Tuesday, 22 April 2008

Lourdes Festival

Grotto, Shrine of Our Lady of Lourdes

Here beginneth my tentative re-emergence as a blogger for Anglican Wanderings. The pressures of Lent and Holy Week were taking their toll in ways quite unexpected and I had begun to fall behind in my contributions to the blog, which didn't seem to be fair to my fellow contributors and to the readers of the blog, so it seemed right to withdraw for the time being. Things are much clearer now, not least in the diary department, and I've missed blogging, so I hope to be able to post now and again. I was touched when several people told me that they missed my contributions, so I guess I might not have been doing this in vain. . .

Sadly, this post comes without pictures of the lovely Solemn Mass I attended last Saturday. The Society of Mary's North West Ward of Our Lady of Victories held a Lourdes Festival at S. Catherine's, Burnley to commemorate and celebrate the 150th anniversary of the apparitions of Our Blessed Lady, Mary Immaculate, to the fourteen year-old Bernadette Soubrious in the obscure grotto at Massabielle, near Lourdes in 1858. The Mass was very well attended - with well over a 100 communicants, which isn't bad for a Saturday afternoon in East Lancashire - and was supported by clergy and faithful from three North West dioceses and from two across the Peninnes.

In the homily, preached to us by the Rt. Revd. Msgr. Stephen Alker, Principal Roman Catholic Chaplain (Army), we heard a fascinating account of the eighteen apparitions of Our Lady to S. Bernadette over a five month period, beginning on the 11th of February (which the Church now keeps as the Feast of Our Lady of Lourdes). It was during these apparitions that Our Lady not only told S. Bernadette that she was 'the Immaculate Conception' but called for penance for sinners, told Bernadette to drink from water that was not there, save for a dirty puddle in the muddy ground which, a day later, became the famous spring, and told Bernadette to tell the priest of the village to build a chapel in order for to people to come in procession. The rest is, of course, history. Millions flock to Lourdes every year in pilgrimages of penance, prayer and healing. Although over 7,000 people have claimed miraculous cures of bodily ailment in the waters of Lourdes, only 68 cures have been confirmed as such. The real mystery at the heart of what took place at Massabielle, as with Walsingham and, indeed, any shrine, lies in its capacity to provide in its ministry, though the grace of God, healing for the soul and restoration of the mind, as well as of the body, if it be what the Lord wills. We, of course, for our part, must seek that will, and not our own, and as with S. Bernadette we must heed the invitation of the Blessed Trinity, spoken through Our Lady, to return to him in prayer and in penitence and to drink of the water of life which brings us renewal and wholeness in Christ.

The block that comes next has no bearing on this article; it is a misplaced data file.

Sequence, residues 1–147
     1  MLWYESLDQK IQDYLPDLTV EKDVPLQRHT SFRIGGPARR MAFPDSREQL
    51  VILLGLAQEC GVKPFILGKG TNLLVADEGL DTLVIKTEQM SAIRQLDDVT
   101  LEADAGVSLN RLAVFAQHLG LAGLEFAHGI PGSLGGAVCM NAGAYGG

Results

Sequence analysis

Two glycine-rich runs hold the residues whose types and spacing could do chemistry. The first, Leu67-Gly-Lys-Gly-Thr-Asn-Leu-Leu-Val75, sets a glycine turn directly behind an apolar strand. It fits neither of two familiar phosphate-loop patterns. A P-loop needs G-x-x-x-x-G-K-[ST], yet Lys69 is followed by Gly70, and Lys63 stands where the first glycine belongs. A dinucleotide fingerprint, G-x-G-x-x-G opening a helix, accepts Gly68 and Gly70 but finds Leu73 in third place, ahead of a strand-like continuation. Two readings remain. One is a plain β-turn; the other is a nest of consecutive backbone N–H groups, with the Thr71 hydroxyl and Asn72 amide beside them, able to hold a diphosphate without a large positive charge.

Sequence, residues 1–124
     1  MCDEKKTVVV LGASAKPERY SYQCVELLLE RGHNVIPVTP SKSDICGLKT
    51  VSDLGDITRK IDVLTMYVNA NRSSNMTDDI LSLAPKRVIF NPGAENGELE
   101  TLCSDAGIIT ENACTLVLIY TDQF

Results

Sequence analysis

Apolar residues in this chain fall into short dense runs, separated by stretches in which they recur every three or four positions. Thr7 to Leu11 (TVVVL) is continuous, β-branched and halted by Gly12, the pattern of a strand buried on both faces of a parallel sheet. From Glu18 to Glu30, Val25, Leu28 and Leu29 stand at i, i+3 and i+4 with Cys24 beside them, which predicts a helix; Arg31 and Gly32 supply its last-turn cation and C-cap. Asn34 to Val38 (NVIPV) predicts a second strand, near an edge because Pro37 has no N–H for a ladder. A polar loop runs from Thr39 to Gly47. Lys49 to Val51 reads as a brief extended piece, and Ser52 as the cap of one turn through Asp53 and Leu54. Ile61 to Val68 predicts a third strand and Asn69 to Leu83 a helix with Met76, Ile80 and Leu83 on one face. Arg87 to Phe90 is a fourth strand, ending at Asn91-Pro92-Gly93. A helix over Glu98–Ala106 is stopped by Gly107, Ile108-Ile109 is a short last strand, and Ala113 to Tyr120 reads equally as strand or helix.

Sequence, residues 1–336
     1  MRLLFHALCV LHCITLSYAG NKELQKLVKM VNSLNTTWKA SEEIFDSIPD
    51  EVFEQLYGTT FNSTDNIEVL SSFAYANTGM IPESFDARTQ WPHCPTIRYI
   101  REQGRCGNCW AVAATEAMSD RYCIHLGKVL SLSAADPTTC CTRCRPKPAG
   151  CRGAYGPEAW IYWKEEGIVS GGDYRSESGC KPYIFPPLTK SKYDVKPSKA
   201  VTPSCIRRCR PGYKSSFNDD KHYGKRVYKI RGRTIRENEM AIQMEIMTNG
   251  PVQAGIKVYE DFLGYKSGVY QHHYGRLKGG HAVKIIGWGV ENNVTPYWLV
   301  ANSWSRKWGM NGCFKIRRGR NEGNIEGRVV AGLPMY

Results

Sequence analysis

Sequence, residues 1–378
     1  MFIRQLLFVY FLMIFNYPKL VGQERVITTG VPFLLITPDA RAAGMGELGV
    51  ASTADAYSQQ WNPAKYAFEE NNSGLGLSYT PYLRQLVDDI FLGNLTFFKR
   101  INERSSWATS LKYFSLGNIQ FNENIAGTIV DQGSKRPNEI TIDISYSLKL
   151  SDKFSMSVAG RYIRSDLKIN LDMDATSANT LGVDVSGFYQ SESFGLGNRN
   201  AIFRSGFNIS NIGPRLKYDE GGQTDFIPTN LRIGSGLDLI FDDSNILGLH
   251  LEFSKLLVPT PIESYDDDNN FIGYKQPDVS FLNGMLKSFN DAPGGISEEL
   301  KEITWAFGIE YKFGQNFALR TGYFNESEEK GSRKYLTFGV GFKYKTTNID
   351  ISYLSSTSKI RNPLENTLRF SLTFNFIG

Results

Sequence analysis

Shrine of Our Lady, S. Catherine's, Burnley

To return to the Mass. It began with a procession and the hymn 'Immaculate Mary'. The second verse of that hymn reminds us of the rock from which we, as Anglican Catholics, were hewn : 'We pray for God's glory, may his kingdom come! We pray for his vicar, our father, and Rome. Ave, ave, ave Maria. . .' How wonderful to be able to sing of what we ought to desire in this world and in the next. Our Lady shows us the way to unity. Walsingham and Lourdes - where over a dozen Anglican bishops will be making pilgrimage this year - and other Marian shrines are places where the full and visible reunion of Catholic Christendom seems obvious. Our Mother calls us, her children, to return to her Son and to our Father, not as disparate groups, but as one flock, under one shepherd. Only a full appreciation of Our Lady as Mother and Help of all Christians can give us a true sense of what it is to belong to Our Holy Mother the Church. Her maternal care and call is nothing less than an urgent request for her children to be one as her Son is one with her Lord and God. As the hymn goes: 'By your faith and loving accord, as the handmaid of the Lord, you undertook God's plan to embrace. Mary, we thank you, hail full of grace.'

Fr. Lee Kenyon